So I wrote this story and I’d appreciate feedback. 🙂
“How do you feel right now?”
“Like maybe I don’t want to be here… to exist…”
Jeremy Bryan, a qualified psychologist, examines his nineteen-year-old patient, Anya Williams, carefully, watching her every movement. Her nervousness is noticed as her hands clasp onto each other and her teeth chatter. It’s as if she’s cold, but she’s in a well-heated room, with the windows shut.
After a moment, Jeremy smiles.
“Can you explain these feelings?”
“Yes.. um.. It’s like I’m trapped and the only way out is… you know…”
He looks down at his notepad and makes a note, one that is written in terribly rushed handwriting. He then slowly walks his eyes up her body, watching every part of her intensely. Anya’s stomach growls just a bit and she quickly covers it with her arms.
“Do you have any physical ideas?”
“Well, the one that everyone does is pills– and, if you take enough, doesn’t that work and you don’t have to do much it’s just pills and yeah maybe that’d work and then I’d be free–”
Jeremy lifts his eyebrows, and then stands.
“Do you ever watch the moon?” he eventually asks.
“Why?” Anya retorts, standing up as well, so to be on level with him.
“It’s just… the moon is still seen in the day, sometimes, isn’t it?”
“And sometimes it isn’t.”
“But, when it is, Anya, don’t you think that its defied its expectations? We expect it to die once the sun rises, but sometimes it doesn’t, sometimes it stays, and that is something beautiful, isn’t it?”
Anya walks over to the door, and Jeremy circles his way towards her, focusing his eyes very carefully on the single braid in her hair.
“Why only one?” he asks.
“Too many is too showy.”
“Why worry about what others think?”
“I’m nineteen, dude.”
“I guess. Anyway, I need to ask you something. Do you want to be the moon?”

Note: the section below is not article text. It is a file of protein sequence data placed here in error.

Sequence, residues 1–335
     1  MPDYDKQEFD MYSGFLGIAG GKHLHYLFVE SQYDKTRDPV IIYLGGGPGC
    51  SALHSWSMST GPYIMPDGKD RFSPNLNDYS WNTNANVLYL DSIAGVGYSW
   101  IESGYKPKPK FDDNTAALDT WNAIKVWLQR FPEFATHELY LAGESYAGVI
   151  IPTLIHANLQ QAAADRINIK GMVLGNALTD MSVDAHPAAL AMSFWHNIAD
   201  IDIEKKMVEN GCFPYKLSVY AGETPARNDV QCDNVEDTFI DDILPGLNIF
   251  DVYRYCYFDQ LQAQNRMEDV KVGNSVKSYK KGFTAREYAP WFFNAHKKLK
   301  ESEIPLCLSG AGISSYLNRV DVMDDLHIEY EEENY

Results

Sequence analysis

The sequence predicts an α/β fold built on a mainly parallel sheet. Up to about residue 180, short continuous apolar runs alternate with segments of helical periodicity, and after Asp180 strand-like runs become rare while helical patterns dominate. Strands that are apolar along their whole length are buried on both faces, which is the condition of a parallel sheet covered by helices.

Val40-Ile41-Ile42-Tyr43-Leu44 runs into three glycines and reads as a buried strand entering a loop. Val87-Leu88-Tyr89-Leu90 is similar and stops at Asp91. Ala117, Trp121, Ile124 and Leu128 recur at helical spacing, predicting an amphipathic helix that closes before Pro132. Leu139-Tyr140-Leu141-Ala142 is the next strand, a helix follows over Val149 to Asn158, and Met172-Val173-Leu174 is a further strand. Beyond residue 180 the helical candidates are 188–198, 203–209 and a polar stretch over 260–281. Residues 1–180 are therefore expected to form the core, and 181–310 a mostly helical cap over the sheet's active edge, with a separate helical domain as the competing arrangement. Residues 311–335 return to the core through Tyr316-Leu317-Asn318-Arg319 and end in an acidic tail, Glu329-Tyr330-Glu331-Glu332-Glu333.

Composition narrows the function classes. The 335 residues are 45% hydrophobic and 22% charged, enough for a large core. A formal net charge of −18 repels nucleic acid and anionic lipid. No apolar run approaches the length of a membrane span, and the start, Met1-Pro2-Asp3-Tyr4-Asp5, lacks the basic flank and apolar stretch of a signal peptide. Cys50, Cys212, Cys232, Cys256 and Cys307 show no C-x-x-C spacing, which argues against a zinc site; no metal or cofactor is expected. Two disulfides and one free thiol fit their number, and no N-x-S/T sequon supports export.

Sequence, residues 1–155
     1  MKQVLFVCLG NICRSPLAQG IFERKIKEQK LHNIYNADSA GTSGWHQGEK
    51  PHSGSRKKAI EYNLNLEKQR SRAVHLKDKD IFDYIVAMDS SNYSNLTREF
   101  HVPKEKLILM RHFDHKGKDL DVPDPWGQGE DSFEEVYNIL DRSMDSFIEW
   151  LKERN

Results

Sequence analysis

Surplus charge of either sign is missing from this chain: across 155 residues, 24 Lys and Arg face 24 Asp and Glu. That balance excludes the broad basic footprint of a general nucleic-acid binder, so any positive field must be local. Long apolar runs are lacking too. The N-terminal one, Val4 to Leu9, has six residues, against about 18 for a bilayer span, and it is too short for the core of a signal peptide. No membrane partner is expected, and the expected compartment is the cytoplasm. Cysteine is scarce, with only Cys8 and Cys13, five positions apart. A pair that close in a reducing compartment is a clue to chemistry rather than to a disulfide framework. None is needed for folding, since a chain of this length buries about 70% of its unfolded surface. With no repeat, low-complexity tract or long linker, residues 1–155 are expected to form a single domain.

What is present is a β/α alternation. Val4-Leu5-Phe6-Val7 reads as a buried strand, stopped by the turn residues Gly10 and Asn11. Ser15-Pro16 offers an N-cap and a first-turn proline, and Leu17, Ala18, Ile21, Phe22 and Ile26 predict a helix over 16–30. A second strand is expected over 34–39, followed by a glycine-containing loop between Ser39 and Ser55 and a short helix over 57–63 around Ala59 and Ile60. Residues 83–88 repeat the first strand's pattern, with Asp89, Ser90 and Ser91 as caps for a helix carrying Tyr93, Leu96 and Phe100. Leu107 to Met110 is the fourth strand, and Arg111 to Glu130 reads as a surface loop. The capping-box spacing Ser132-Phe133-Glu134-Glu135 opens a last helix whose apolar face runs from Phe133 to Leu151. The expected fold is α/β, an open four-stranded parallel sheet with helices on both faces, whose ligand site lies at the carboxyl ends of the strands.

“No, I want to be dead, thanks.”
Jeremy laughs, inappropriately so, and strokes her braid.
“Then, by all means, do it before the moon falls.”
With that, he opens the door for Anya and watches her go off, a knowing grin following her footsteps. He hears the exit door shut and closes his own door, sitting back on his chair. He puts his feet up on the desk, pulling a newspaper from it. A single article grabs his attention:
“Tick, tock, tick, tock,” he says, “tick, tock, tick, tock — bang.” He looks up to the ceiling, pointing a gun at it, then laughing with such enthusiasm that he starts coughing.
The next day, Anya’s body is found lying in her garden, eyes open and looking straight towards the moon. She’s pale, like the moon, and her hands are clasped together, as if she died peacefully. Her mouth is open though, as open as the moon above her. The moon that did not fade after sunlight.
Jeremy Bryan is sat in his office, with another patient, Joseph Fuller-Jones.
“And how are you feeling, Joseph?” Jeremy continues their conversation.
“I don’t know; I don’t feel anything…” Joseph cuts off short, as if he was going to say something else, but Jeremy doesn’t catch this and just writes a note, in rushed handwriting.
“I wonder, Joseph, have you ever watched the moon?”
The next day, Joseph, too, is found dead, on his apartment’s balcony, staring up at the moon, clasping his hands together.
Thank you so much for reading,